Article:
Personally speaking, I would find attempting to show reason to those who would immediately disparge all forms of electronic media as a “wasteland” a tedious, and primarily useless, endeavor at best. It is the same people that would say Facebook is ruining the youth of today’s social abilities (disregarding that you are now able to stay more connected to people then in any other point in history, which is fairly nice since you no longer have to sever all ties or resort to depending on the U.S. postal service just because someone moves less then 100 miles away) or that “Selfie Culture” has inspired a new wave of vanity (because all of those statues and portraits that people had to pose for days for are definitely not considered art or culturally significant in any way, shape, or form) that I assume would make such a silly, and rather shallow-minded, assessment; but, I digress.
Should you be so inclined to locate their walkers and ask that they stop yelling into the night sky about their confusions regarding modern technology, you will pleased to know that you make look no further then a lovely video game called Never Alone as an example of why electronic media is important. Never Alone is an indie game developed by a studio called Upper One Games. The game itself is a simple puzzle solving platformer, and tells the tale of a young Inupiaq girl named Nuna and her arctic fox companion. The game contains 8 chapters that you must go through as you play, and each chapter includes a variety of elements straight from Alaska Native mythos. Nuna’s village has long been enveloped in a never ending blizzard, which, if not stopped, will surely eradicate her village entirely. As such, Nuna and her fox set out to find the mysterious source of the blizzard, and to seek help from a variety of famous Alaskan characters such as the Manslayer, the rolling heads, the Sky People, and more. Even better then it’s actual existence is the effort and detail that went into creating the game; story writers spent two months trekking from village to village and learning about the different legends from elder members of different tribes through the traditional method of oral communication, meaning that the game is not only (feasibly) as accurate as it can be in it’s retelling, but is a unique platform in which legends can continue to be passed down.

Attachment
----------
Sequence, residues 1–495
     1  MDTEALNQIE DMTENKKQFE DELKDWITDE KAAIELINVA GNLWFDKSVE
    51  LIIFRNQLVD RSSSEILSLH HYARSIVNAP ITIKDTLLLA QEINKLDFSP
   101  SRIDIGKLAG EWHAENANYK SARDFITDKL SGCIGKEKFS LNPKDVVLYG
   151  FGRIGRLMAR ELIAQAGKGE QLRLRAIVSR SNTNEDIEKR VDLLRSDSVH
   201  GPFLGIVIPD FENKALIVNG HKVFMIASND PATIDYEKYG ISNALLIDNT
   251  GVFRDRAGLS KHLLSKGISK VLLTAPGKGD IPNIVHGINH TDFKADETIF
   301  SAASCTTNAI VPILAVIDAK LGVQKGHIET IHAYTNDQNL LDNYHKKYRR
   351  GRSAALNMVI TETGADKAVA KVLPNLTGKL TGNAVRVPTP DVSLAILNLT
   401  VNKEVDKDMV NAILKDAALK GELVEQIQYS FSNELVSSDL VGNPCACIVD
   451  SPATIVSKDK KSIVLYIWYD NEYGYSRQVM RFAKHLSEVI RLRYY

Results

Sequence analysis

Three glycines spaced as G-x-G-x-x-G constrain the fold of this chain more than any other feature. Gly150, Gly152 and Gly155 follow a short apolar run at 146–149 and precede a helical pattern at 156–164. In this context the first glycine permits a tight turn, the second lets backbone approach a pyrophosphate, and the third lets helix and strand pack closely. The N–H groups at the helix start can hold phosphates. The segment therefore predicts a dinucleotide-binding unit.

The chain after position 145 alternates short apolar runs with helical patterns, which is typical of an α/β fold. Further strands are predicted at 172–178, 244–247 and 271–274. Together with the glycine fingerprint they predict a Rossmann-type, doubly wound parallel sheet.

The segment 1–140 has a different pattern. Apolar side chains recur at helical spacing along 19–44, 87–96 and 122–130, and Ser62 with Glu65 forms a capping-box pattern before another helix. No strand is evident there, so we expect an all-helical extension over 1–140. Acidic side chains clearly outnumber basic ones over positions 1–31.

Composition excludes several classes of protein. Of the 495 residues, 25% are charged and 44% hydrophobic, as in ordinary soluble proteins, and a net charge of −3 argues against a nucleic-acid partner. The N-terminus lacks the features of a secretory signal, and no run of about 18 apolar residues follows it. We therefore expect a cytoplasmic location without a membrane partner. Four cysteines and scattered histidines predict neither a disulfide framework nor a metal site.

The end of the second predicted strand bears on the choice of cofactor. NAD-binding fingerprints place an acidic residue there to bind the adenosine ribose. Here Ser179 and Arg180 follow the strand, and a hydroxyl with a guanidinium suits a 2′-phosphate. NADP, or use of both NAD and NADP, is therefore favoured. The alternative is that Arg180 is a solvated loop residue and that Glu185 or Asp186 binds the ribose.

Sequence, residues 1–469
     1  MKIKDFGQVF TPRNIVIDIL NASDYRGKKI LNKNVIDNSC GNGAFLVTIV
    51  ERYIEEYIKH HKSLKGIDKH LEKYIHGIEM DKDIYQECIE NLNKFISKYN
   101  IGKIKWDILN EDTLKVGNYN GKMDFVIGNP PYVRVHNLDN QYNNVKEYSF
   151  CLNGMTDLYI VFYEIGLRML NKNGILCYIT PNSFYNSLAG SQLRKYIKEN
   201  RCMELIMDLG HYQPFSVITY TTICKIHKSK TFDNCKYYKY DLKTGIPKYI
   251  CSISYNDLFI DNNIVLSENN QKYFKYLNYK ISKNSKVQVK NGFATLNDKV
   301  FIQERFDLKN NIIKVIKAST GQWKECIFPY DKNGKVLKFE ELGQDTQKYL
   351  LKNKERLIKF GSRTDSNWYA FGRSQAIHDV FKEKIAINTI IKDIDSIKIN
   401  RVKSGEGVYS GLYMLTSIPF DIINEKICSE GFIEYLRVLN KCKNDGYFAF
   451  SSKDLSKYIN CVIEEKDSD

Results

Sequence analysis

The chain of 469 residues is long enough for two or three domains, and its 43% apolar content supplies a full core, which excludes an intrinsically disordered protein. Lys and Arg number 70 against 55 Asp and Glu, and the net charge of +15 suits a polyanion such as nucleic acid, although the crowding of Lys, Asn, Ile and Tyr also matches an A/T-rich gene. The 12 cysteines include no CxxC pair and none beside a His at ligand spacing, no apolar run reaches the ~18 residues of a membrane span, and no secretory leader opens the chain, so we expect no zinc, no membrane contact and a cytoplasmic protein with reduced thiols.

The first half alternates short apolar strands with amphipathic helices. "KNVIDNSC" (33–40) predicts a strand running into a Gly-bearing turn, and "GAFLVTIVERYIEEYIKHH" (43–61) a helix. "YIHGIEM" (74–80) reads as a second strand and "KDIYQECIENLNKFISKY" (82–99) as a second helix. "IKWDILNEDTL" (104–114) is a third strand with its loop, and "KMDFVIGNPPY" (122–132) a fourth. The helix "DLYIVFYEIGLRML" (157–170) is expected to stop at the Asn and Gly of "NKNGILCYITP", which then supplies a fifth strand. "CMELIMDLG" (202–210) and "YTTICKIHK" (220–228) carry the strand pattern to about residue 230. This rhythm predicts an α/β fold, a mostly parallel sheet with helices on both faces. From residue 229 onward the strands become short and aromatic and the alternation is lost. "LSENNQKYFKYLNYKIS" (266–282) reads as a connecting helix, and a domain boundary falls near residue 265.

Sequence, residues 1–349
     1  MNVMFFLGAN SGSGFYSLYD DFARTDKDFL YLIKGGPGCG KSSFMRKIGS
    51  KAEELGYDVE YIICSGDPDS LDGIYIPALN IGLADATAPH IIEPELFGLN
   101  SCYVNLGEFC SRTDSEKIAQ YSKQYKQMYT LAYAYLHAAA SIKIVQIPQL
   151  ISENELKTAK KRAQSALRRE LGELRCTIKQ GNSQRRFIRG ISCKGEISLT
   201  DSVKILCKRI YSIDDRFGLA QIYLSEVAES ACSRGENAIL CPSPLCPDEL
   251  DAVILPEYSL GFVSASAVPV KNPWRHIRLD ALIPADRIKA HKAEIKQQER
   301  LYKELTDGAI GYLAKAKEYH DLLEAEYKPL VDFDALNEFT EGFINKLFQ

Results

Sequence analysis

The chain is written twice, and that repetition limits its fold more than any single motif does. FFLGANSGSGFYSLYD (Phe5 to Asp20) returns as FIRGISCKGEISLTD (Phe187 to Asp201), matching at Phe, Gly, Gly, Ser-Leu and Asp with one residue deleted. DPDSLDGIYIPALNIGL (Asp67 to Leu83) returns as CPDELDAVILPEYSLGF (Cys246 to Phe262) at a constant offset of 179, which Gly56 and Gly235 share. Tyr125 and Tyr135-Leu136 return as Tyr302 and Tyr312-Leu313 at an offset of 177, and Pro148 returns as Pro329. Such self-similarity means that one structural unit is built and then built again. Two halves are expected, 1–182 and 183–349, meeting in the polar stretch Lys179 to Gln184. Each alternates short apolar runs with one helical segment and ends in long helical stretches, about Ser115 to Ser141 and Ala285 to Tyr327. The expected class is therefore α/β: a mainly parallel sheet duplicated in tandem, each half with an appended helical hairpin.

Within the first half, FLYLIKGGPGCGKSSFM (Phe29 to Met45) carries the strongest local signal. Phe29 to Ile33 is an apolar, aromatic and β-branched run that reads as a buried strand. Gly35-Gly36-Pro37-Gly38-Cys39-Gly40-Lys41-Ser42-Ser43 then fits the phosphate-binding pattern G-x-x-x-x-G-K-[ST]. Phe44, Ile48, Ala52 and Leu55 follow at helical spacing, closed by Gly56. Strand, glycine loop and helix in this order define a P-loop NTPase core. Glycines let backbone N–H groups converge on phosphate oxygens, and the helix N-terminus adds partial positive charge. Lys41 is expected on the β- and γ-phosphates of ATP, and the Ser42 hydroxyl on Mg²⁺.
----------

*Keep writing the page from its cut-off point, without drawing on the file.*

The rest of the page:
All of that being said, the game itself is remarkably beautiful and does much justice to the amazing stories that it retells, which isn’t particularly a platform I thought I would ever see Alaskan Native heritage take. I am, however, extremely happy that it did, because as our current society draws more and more away from non-electronic based forms of communication, it is an unfortunate side-effect that many oral based cultures may be left in the dust; however, to see something like this game (which has sold extremely well and been met with a variety of positive reviews) really take off in the way that it has gives me a bit of hope that even though we may be drawing away from tradition, perhaps tradition can simply be resculpted, if you will, rather then simply done away with entirely.